renationalisation might not be the route to the best possible railway but it would be better than what we have now. The current system costs the taxpayer 3 times as much as BR did and whatever you think of BR noone can argue that the current system is three times better (true there are more trains and more passengers but not three times as many)

Anonymous said...


I almost totally agree with the original point.

The deplorable state of the the First Great Western franchise is the joint responsibility of the government and FGW.

To resolve these problems needs

- more government direction
- less government interference in detail
- significantly lower franchise charges by government
- more investment by FGW
- better franchise management by FGW.

FGW have the oldest and least reliable rolling stock in the country. Why can't they, or the government, replace the local and intercity fleets?

The problems over the 2006 December timetable in Bristol, Wiltshire shows that the management of FGW is lacking.

The best solution is a zero cost franchise, with commitments on train replacement, route development, etc

CJ Harrison said...

In regards to the first comment:

Yes, I agree the system is very expensive. However, those costs are not coming from the TOCs which have, over time, reduced the support they receive from the government and, in the case of FGW (and several other TOCs), now actually pay a very hefty premium to the government. In other words, TOCs are much more financially efficient.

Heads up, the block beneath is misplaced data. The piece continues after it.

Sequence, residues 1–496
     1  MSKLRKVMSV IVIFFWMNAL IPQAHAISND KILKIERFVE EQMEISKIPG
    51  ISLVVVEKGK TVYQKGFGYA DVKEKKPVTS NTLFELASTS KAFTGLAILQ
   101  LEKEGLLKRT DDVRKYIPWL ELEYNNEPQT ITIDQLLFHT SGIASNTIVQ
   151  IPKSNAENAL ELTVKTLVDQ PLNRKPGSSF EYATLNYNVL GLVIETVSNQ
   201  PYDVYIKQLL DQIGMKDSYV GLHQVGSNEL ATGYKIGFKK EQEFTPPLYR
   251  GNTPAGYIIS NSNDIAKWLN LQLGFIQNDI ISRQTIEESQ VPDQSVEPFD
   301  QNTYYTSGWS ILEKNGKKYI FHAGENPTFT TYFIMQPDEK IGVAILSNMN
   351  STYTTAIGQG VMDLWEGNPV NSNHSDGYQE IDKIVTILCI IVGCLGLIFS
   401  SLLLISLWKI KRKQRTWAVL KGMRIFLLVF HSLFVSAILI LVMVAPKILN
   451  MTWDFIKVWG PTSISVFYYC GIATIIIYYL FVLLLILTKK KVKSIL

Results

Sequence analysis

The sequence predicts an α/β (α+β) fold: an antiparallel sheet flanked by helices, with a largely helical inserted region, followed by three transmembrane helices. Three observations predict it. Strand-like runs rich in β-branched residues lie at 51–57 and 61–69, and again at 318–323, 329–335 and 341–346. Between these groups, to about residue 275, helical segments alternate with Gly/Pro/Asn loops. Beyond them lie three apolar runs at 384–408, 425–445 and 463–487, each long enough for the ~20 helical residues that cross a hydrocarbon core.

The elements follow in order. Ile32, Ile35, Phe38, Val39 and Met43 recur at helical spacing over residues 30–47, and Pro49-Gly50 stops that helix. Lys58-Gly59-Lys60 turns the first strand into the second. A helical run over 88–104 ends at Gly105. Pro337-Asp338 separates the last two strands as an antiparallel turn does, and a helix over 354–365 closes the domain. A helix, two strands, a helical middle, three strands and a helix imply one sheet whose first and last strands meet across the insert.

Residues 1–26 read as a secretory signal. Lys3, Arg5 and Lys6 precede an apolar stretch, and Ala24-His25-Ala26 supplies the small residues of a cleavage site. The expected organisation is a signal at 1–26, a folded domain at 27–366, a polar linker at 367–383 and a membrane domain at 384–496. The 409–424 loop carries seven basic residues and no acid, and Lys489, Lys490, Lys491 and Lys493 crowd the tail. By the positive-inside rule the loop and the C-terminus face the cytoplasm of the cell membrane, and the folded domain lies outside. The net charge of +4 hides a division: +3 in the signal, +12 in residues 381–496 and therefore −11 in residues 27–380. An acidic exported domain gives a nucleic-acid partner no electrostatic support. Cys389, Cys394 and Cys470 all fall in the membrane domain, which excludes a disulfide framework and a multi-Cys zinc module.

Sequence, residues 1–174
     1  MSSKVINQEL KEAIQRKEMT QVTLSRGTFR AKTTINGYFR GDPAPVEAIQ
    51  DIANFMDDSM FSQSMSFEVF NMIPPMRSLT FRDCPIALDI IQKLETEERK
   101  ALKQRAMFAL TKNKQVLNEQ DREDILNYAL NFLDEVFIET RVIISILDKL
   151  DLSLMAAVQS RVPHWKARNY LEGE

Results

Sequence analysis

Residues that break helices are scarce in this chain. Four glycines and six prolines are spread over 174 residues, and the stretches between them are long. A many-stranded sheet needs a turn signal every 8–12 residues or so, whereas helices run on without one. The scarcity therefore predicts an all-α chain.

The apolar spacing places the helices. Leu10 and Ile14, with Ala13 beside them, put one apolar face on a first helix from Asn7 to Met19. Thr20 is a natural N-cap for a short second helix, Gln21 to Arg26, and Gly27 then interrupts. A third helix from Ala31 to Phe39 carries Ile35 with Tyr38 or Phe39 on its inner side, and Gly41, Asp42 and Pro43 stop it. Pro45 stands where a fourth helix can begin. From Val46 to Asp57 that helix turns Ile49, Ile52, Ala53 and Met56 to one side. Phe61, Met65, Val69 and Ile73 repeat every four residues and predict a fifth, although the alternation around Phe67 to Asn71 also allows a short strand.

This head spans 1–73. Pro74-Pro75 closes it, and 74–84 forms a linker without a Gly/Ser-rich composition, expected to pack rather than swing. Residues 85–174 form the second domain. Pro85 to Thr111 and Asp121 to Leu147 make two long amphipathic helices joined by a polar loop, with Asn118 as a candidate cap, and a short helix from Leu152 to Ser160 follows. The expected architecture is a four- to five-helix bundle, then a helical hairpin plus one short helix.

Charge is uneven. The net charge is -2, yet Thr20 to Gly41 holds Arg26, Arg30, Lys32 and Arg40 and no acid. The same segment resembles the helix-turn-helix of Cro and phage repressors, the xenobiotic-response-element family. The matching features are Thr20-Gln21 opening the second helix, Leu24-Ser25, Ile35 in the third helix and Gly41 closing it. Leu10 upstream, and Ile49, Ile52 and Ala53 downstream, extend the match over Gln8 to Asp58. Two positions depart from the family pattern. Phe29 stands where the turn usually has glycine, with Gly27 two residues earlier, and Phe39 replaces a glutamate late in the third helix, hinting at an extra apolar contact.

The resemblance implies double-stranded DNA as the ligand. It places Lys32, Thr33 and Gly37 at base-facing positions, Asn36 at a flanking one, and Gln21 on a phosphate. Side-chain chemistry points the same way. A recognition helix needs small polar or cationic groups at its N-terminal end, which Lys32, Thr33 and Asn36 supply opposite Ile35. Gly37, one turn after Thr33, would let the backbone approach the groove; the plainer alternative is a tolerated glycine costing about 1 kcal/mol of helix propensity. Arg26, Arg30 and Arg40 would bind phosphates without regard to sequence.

Restructuring the system will reduce costs. Renationalising it may reduce some costs but, ultimately, for reasons I have explained elsewhere on the blog it will hamstring the system financially. And, long term, that leads to underinvestment which weakens the whole network. Indeed, some of the infrastructure costs we face today are a direct result of the underinvestment in the days of British Rail. We’re paying the price today for the nationalisation of the past.

In regards to the second comment:

Hi, I do agree with many of the points you make. I have never claimed that First Great Western is free of responsibility for some of the problems early on in the franchise. And to be fair, neither have they. The DfT does need to take its share of the blame too: and to date, it has failed to do so.

Investment, as you identify, is key. And investment from private companies like FGW will only come if the cost of franchises is cheaper and the length of them longer. The DfT calls the shots on both of these things and is the only agent of change in regard to these factors.

A good solution would be for the Class 180s to be kept and for the DfT to bear the cost of this. Such a move would increase capacity and would also allow rolling stock to be cascaded down through the FGW network thereby creating a better local fleet. I do not necessarily agree that the Intercity fleet needs replacing at the moment. There is an extensive investment programme in the HST trains with new engines being fitted and carriages being totally refurbished. This will extend the life of the HST for the remainder of the franchise and will also improve the efficiency, reliability and comfort of what I think is a simply suburb train.